The remain hypothesis for the cause of this turn is that the vehicle ran into a “dust devil” that was not visible because it had not reached the ground.  Examination of the video using polarized glasses showed no evidence for such an event, but that is not conclusive as the sun angles may have been inappropriate for this technique.

ANALYSIS – TELEMETRY FAILURE

Telemetry failed after 0.80 seconds but before 1.0 seconds based on analysis by the manufacturer of data recorded by the receiver (data packets are sent every 0.2 seconds, one was received at about 0.80 seconds and no subsequent packets were recorded).  The cause of this failure is unclear: the manufacturer has initially concluded it was a power failure, however, the battery showed 3.8 volts at recovery and was still connected to the computer / transmitter; thus, a power failure would have to have been internal to the hardware. This failure might be associated with separation of the payload from the rocket which occurred around this time.  Transmitted data show that the main computer did not initiate the separation and had continuity to the initiator throughout the period during which data was transmitted.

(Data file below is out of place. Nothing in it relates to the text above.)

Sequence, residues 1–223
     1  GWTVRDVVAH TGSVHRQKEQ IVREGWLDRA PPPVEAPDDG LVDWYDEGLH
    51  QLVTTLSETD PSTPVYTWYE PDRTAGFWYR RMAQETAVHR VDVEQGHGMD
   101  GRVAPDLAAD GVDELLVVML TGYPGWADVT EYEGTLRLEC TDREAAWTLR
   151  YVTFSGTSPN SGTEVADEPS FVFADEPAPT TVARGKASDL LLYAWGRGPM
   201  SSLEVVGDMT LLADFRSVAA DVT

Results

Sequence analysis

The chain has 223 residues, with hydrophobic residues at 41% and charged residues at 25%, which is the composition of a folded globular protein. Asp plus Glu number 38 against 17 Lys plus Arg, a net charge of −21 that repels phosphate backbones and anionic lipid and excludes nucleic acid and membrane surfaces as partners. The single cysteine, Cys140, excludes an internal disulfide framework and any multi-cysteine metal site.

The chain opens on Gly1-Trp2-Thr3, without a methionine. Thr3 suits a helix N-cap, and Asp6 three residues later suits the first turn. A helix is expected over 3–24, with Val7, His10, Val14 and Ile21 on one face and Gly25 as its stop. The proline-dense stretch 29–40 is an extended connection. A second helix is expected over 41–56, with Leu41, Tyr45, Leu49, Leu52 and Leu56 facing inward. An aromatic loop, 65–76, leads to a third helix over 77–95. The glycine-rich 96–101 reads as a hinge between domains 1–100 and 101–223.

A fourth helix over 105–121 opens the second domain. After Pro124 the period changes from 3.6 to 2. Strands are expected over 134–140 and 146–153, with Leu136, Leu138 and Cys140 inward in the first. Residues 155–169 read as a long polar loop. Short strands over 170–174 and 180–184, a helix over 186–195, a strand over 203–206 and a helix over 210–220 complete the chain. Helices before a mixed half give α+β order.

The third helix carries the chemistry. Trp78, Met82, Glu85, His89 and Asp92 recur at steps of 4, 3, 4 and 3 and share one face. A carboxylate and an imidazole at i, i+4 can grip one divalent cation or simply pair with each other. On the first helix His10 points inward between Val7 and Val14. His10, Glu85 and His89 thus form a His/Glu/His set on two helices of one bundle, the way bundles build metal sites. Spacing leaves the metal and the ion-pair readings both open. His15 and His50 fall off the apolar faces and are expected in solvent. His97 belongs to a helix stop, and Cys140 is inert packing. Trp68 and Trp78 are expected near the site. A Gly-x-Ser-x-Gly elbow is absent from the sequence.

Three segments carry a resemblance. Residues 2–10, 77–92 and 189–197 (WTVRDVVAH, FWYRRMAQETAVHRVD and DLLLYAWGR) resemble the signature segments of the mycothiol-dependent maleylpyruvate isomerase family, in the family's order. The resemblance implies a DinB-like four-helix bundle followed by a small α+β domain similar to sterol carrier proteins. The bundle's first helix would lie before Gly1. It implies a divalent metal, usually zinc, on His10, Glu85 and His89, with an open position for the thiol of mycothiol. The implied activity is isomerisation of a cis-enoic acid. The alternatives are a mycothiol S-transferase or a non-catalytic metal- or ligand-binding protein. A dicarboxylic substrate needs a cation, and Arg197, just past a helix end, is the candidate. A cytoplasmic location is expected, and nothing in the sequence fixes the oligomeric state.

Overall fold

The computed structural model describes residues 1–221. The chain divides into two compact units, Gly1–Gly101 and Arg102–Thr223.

ANALYSIS – PREMATURE PAYLOAD SEPARATION

The payload was recovered about 120 feet from the launcher on a Northeasterly heading.  Based on the location a trajectory reconstruction suggests separation may have occurred around 1.0 seconds into the flight at about 400 feet altitude.

Given the data indicating that the main computer did not command separation while it was operating and the observation, following recovery, that both initiators had been fired (firing of either initiator ignites the other), it appears that the backup computer may have initiated the separation.  That computer is currently at the manufacturer for repairs after which we hope to extract whatever data it may have recorded, including continuity data with respect to the initiator to which it was wired.

SUBSEQUENT FLIGHT

Following payload separation, the vehicle appears to have coned twice and then resumed stable flight on the new heading.  Upon recovery, the vehicle did not have its streamer attached and we assume it was lost to aerodynamic forces during the separation of the payload and subsequent coning; however, that streamer has not been recovered and so we cannot confirm when it came off the vehicle.